Other events of the big day include hantaran, which is the tradition of gift-giving from the bride to the groom and vice versa. This includes the amount of duit hantaran previously agreed upon during the Adat Bertunang and other gifts which can be anything from food to laptops and other luxuries. This practice is supposed to symbolise the beginning of the groom’s responsibility to provide and fulfil the needs of his bride. However, the gifts are not compulsory if either party is unable to afford them (this is always discussed prior to the wedding, during the Adat Bertunang).

Customs of the Akad Nikah:

  • The ceremony is only witnessed in front of family and close friends
  • The ceremony is held either at the bride’s parent’s home or a local mosque


Majlis Bersanding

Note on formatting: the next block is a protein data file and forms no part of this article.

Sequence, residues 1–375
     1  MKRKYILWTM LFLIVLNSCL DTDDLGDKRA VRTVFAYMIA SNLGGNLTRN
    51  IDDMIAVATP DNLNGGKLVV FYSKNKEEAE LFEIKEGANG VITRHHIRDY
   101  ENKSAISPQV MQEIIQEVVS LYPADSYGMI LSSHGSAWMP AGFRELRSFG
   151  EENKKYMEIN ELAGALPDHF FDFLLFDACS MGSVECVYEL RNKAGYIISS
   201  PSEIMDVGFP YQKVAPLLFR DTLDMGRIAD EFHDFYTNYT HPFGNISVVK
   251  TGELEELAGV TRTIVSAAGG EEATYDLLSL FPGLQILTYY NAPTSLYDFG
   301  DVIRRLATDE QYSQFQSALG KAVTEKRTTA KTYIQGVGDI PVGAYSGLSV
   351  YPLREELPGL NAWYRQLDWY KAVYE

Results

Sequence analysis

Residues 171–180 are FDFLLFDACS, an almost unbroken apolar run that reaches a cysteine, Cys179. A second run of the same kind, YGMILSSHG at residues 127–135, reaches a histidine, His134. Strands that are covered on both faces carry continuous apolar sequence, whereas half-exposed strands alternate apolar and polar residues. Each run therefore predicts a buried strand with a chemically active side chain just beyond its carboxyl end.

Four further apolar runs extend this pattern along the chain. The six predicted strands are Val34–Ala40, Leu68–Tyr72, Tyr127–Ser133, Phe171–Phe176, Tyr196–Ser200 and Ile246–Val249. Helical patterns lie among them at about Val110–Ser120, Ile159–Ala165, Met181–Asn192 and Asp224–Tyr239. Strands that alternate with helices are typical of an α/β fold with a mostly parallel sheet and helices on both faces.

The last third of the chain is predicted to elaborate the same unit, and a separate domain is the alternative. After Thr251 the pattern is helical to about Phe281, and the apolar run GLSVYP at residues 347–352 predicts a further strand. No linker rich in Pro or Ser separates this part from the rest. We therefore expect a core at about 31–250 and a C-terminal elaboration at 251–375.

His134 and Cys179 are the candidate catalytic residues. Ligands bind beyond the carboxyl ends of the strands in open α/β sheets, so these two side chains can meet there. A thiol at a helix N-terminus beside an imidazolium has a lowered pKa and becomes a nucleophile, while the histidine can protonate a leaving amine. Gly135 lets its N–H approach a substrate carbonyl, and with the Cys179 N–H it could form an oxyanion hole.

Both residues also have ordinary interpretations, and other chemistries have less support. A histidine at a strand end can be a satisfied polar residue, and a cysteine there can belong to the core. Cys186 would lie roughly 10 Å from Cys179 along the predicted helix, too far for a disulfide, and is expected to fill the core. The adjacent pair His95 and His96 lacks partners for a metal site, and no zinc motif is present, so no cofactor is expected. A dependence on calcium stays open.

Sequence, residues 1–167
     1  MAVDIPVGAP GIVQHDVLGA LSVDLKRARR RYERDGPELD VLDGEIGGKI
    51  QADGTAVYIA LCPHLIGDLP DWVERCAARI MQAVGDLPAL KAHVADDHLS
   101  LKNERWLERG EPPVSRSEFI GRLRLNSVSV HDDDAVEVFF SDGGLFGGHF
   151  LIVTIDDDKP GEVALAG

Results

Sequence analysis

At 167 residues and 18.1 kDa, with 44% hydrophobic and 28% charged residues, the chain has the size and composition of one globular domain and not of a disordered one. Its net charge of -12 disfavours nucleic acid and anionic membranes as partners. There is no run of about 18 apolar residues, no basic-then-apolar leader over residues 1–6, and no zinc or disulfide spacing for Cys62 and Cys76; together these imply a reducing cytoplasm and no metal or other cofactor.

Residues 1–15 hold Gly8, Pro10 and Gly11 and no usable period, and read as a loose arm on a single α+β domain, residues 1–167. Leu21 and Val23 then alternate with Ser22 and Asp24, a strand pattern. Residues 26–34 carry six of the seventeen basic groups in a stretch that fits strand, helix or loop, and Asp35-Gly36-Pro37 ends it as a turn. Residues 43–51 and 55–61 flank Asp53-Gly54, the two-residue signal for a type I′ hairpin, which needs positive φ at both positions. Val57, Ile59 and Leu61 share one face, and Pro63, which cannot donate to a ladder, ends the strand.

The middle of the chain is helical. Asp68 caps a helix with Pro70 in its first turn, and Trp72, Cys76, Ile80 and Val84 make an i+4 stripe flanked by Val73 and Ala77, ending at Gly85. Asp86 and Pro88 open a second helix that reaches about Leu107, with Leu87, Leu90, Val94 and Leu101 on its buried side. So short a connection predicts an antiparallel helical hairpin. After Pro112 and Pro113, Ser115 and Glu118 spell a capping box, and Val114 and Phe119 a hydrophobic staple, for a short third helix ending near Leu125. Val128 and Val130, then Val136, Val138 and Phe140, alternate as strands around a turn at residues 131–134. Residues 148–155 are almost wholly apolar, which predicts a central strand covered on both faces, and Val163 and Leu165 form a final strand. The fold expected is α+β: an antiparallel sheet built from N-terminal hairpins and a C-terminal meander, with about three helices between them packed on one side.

Better known as the wedding reception, this is a much larger party held for extended family, friends and acquaintances. It can be held in the afternoon—which is a more informal event with no fixed itinerary—or in the evening, which is more formal and may involve a multiple-course dinner and fewer guests. Regardless, the events that do occur during the wedding reception usually include the couple sitting side by side (bersanding) on the wedding dais, merinjis (‘VIP’ guests blessing the couple as well in a traditional ritual) as well as a few cultural performances. It is typically a celebration with an endless buffet.

Customs at the reception

  • During the Bersanding ceremony, the newlyweds are treated as king and queen for their big day
  • Guests are not expected to be there on time, nor are they expected to stay for the whole duration—just check when the key events are happening such as the wedding dais or the sit-down meals